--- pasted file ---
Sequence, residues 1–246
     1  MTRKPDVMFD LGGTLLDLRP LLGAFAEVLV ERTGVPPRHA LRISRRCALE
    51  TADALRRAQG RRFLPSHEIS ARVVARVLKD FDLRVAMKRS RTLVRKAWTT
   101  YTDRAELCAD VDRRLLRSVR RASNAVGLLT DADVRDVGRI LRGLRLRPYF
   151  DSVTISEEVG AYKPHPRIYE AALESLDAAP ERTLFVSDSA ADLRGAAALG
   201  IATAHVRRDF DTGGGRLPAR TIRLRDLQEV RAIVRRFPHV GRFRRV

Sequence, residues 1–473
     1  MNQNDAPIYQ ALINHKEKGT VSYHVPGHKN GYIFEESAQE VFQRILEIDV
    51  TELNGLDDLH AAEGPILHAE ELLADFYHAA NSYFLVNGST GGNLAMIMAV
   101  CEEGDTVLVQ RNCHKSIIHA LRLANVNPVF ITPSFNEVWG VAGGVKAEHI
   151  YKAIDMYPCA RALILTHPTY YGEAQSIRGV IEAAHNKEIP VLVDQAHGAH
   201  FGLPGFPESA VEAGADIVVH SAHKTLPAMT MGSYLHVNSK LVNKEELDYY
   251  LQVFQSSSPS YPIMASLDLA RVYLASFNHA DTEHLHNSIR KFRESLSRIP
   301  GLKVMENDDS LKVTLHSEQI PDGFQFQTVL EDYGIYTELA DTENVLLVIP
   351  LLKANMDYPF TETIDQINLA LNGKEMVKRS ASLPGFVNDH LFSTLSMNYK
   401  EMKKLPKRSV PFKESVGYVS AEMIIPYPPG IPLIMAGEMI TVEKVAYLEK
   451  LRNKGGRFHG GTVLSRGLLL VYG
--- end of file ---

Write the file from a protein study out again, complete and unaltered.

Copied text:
Sequence, residues 1–246
     1  MTRKPDVMFD LGGTLLDLRP LLGAFAEVLV ERTGVPPRHA LRISRRCALE
    51  TADALRRAQG RRFLPSHEIS ARVVARVLKD FDLRVAMKRS RTLVRKAWTT
   101  YTDRAELCAD VDRRLLRSVR RASNAVGLLT DADVRDVGRI LRGLRLRPYF
   151  DSVTISEEVG AYKPHPRIYE AALESLDAAP ERTLFVSDSA ADLRGAAALG
   201  IATAHVRRDF DTGGGRLPAR TIRLRDLQEV RAIVRRFPHV GRFRRV

Sequence, residues 1–473
     1  MNQNDAPIYQ ALINHKEKGT VSYHVPGHKN GYIFEESAQE VFQRILEIDV
    51  TELNGLDDLH AAEGPILHAE ELLADFYHAA NSYFLVNGST GGNLAMIMAV
   101  CEEGDTVLVQ RNCHKSIIHA LRLANVNPVF ITPSFNEVWG VAGGVKAEHI
   151  YKAIDMYPCA RALILTHPTY YGEAQSIRGV IEAAHNKEIP VLVDQAHGAH
   201  FGLPGFPESA VEAGADIVVH SAHKTLPAMT MGSYLHVNSK LVNKEELDYY
   251  LQVFQSSSPS YPIMASLDLA RVYLASFNHA DTEHLHNSIR KFRESLSRIP
   301  GLKVMENDDS LKVTLHSEQI PDGFQFQTVL EDYGIYTELA DTENVLLVIP
   351  LLKANMDYPF TETIDQINLA LNGKEMVKRS ASLPGFVNDH LFSTLSMNYK
   401  EMKKLPKRSV PFKESVGYVS AEMIIPYPPG IPLIMAGEMI TVEKVAYLEK
   451  LRNKGGRFHG GTVLSRGLLL VYG